When talking about our planet, the first definition that I gave you still holds up. To maintain our natural system, we would want to use our limited resources in a way that we can also preserve them for future generations. In other words, we know deep in our hearts, that we are not those selfish monsters and would like to leave something for our kids, their kids, their kids and so on, so that they can lead a good life too. We want them to be able to play outside, to take a dip in a nearby lake or river, to experience holidays on beautiful tropical beaches and reefs.
For computer systems, it’s pretty simple, it just means that you’d want to have a developer or administrator who is able to keep your system up and running. That’s a sustainable system, one that doesn’t crash for example.
(Many) Companies have a different view on the matter
For companies, to maintain their system, the whole thing is a different story. A company is sustainable if it can pay its bills and its employees and make profit above that. A company wants what is called ‘sustainable growth’. This means they want to grow the profit they make in a realistic, long-term maintainable way. In general, they do not care if they have to chop down more trees to make more money. As long as they are able to make profit, they are good.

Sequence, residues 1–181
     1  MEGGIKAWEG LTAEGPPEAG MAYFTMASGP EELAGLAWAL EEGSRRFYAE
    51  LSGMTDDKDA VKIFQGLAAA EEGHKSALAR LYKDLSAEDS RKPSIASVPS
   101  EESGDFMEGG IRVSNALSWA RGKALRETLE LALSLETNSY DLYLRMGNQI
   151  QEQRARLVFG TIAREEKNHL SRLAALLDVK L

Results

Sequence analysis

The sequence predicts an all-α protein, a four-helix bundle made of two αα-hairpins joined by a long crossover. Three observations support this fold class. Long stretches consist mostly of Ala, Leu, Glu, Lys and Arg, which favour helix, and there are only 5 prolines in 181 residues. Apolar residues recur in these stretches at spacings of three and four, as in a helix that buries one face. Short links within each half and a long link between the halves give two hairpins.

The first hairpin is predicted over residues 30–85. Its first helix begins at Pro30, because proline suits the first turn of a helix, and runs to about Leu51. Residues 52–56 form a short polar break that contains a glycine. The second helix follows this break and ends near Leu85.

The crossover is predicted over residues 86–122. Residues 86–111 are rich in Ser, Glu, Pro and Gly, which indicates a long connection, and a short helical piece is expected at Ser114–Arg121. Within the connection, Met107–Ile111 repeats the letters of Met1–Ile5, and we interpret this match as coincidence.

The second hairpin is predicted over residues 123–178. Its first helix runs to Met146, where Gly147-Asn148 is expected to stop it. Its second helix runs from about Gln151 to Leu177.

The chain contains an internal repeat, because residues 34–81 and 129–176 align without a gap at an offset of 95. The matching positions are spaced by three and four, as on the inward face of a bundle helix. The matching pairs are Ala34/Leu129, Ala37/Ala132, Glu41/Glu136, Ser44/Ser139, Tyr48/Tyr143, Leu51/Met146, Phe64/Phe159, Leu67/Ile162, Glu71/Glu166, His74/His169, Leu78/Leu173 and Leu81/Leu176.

In that sense, for oil companies sustainability means ‘how much longer can we burn those dinosaurs that took millions of years to decompose until we run out of them and have to wait another 100 million years until we can extract oil again’. So, you can see, we sometimes have to do a bit more research if we want to know what a company is talking about when they use the word sustainability.
Now, don’t get me wrong, I painted a very negative picture here, partly also to make this clearer. A lot of companies – even Coca Cola and Nestlé – incorporate our first meaning of sustainability in their business models nowadays. They realized that the sustainable growth they aim for, can only come if accompanied by sustainability in the environmental sense. For example Unilever, a company that relies on agricultural products, knows that if we don’t do anything about climate change there will be no profit anymore in the somewhat near future.
That’s where we come in…
There are a lot of small, ethical and sustainable new brands popping up and they definitely deserve some credit.